This is a classic example of overtraining. My fitness has improved markedly with the engagement of my cycling coach, Ruth Eyles. I had a five hour ride planned last Thursday which I duly went on.
I decided to go a new route as I was becoming a bit jaded with my usual route for my long rides. I started around 8.30am after waking up a 6.00am for a large, hearty breakfast – cold rice or pasta, I forget which now.
It was a typical Korean autumn morning – cold (maybe 5 degrees), foggy, dank. I did not really warm up during the first three hours. I realised at that time that the ride would turn out to be much longer than anticipated as well. I had underestimated the distance and time.
However, at virtually the same moment, the sun came through the clouds spreading warmth throughout my body. The fog cleared to reveal stunning scenery. It was probably one of the most beautiful rides I had been on in Korea, or anywhere.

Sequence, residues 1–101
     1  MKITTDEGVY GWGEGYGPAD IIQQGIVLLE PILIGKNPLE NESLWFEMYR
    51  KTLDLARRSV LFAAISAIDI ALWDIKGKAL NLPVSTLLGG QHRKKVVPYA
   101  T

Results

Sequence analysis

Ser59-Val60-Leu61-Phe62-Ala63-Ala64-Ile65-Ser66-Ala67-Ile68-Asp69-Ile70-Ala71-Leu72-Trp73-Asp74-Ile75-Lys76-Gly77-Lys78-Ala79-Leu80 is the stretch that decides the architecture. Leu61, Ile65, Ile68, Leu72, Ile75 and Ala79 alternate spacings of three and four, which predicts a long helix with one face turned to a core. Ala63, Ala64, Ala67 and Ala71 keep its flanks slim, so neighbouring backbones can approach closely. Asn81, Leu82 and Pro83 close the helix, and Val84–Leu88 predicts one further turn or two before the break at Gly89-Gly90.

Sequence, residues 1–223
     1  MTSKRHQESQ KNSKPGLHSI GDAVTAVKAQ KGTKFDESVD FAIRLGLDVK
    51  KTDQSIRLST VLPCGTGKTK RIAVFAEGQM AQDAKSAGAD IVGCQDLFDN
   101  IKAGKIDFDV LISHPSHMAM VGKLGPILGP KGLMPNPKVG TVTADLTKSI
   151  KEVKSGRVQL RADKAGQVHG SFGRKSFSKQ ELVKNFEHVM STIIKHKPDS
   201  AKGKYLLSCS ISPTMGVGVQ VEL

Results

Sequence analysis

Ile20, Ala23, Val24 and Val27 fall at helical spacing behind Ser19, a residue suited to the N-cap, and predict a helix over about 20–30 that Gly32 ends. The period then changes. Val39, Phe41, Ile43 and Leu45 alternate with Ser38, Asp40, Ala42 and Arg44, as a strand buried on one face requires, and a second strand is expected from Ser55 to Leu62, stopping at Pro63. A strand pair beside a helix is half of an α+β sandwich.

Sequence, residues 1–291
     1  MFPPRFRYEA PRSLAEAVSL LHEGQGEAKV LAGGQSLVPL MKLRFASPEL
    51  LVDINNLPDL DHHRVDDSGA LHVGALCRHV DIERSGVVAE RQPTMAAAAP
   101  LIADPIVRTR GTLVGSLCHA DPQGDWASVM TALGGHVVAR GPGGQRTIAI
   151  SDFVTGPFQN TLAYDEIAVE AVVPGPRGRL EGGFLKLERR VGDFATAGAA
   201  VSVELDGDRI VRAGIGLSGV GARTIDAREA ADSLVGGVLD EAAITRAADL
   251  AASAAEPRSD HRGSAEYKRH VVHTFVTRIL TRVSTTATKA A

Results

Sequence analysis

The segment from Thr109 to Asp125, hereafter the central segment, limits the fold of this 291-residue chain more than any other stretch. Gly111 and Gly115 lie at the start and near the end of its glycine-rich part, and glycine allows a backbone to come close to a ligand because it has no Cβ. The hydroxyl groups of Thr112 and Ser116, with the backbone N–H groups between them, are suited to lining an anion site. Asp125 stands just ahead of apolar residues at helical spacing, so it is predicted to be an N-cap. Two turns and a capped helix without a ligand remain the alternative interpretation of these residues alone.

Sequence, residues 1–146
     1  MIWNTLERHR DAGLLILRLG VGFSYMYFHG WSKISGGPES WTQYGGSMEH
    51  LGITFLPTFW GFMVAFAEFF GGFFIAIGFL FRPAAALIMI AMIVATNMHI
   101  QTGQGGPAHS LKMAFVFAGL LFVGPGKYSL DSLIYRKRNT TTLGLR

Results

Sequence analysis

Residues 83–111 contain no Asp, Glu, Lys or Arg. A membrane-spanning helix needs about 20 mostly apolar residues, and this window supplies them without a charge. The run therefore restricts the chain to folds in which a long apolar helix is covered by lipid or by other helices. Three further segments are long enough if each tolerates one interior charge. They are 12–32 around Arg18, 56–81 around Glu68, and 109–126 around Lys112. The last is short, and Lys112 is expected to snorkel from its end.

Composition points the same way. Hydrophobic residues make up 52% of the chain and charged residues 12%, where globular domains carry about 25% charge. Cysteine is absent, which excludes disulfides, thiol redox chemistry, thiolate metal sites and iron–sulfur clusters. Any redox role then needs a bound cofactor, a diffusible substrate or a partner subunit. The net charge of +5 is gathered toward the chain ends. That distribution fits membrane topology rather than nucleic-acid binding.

The ride was well over 100 miles and it took me over six hours. It involved over 2,000m of vertical ascent. I felt tired when I got back but not wasted.
Friday was a rest day but I had a two hour training session on Saturday. It involves keeping my heart rate between 70-75% of max. It is a hard, challenging ride. I was sort of ok for the first hour but I just could not keep my heart rate up in the second hour. Indeed, I quit after an hour and thirty minutes. It and I were just no good.
The long ride on Sunday did not go as planned. I felt tired and demotivated. My legs had no power. I quit after an hour. I thought my coach would be disappointed in me but she was actually very encouraging.
I am becomin more experienced now. I know the signs of overtraining. I will monitor them closely in the future and try not to do more than is in the training plan.
Today, I did a really hard ‘threshold’ ride. I felt great. It was my best threshold ride so far. Sometimes, not training is a good thing.